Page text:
10"w x 10"h x 1.75"d
I had this "genius" idea that I wanted to make a fused glass picture frame. The easiest method to take would have been to create the outside frame and attach it to a pre-made smaller frame with a flat face that it could be glued on. Glueing glass you ask..? They make industrial strength glue for that very thing.
But that seemed to easy of a solution. If I'm going to make a picture frame from glass I want the entire thing to be glass, including the pocket for the picture, glass, mat and backing to slide into. As far as the construction was concerned it made sense and using fiber paper I could block out the areas I needed to stay open.
My first fire was a full fuse in which I created the Cinnabar (brown) frame. Once it was put together it was much easier to work with. Then I create a pocket for the picture, as seen below, using fiber paper, a glass square (under the fiber paper) and pocket walls of glass.
I set the frame on top. It rested on the pocket edges. I felt it was important to have no gap of space.
I adorned it in little glass squares, stuffed fiber paper under the edges of the frame so it wouldn't droop and it went into the kiln for a second fire, a tack fuse.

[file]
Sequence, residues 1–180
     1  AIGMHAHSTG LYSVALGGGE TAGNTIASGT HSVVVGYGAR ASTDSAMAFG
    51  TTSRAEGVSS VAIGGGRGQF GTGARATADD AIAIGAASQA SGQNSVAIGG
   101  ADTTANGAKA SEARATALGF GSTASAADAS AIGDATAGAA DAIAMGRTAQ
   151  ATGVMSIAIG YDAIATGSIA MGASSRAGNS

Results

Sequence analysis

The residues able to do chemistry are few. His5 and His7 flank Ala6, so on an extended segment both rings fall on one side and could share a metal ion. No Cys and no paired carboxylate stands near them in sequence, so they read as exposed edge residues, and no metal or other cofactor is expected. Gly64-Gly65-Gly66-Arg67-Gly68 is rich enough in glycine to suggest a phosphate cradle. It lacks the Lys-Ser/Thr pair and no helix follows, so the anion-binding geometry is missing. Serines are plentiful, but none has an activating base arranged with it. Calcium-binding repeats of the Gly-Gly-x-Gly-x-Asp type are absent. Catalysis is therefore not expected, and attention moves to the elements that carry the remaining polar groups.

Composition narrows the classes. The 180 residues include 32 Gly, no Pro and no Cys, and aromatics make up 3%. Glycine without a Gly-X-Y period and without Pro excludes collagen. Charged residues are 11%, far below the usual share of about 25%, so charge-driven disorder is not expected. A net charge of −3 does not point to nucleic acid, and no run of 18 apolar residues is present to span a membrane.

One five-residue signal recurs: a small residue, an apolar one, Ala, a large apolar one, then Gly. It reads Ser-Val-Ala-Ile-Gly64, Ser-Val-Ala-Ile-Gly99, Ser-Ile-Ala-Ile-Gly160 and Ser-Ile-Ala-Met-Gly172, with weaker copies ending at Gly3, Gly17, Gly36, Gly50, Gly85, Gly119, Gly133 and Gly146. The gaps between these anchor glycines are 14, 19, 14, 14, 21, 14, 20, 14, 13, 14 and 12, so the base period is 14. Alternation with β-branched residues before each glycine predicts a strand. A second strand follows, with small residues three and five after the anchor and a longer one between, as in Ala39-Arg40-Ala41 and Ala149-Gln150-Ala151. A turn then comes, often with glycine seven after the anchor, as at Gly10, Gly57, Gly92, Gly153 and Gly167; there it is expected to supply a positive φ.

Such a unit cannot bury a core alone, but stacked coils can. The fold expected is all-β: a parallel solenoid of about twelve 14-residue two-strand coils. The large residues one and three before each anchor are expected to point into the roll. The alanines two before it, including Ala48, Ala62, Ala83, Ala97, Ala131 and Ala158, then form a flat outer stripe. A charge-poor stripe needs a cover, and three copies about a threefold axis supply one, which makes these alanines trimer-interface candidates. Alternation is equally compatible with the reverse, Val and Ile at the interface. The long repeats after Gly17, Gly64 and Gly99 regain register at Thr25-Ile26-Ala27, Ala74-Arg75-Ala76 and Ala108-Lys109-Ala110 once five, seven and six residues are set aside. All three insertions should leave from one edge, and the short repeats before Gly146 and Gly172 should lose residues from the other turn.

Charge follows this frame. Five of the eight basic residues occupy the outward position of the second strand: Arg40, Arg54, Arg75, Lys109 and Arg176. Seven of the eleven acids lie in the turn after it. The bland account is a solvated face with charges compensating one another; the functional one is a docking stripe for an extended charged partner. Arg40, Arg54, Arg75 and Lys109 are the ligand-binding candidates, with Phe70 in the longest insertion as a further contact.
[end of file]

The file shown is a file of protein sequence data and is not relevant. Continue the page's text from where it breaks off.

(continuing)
There's always surprises with big things like this for some reason. Making this in two fires just seemed to good to be true. Or it wouldn't of been if I had left enough fiber paper overhang for the brown frame to potential spread.
And it came out cracked.
It seems like the glass on the left side in the above photo rolled over the edge of the fiber paper pulling the frame and causing it to fracture through the middle. Interesting...physics applied to real-life right here.
So I'm bummed but everything else about it came out so, so good. My pocket that I stressed about is a picture of perfection and the squares fused beautifully...all except for one little clear piece (seen to the right). A great candidate for glass glue.
With the suggestion of my teacher I drew a jagged, "mountain-like" edge along the side of the frame. We were hanging a photograph of us atop Fireman's Lookout in Crater Lake, OR after all! And hopped of the ring saw to turn that fracture into part of the piece.
The finished product, shown above, had a organic, mountain ridge like look and feel. I hand sanded the edge, leaving them with a sandblasted look in fear of putting it back in the kiln for a fire polish. The solo square that jumped ship during the tack fuse got glued back on and tonight I will attach a wire to the back.
After the framing process I'll shared the finished, finished piece.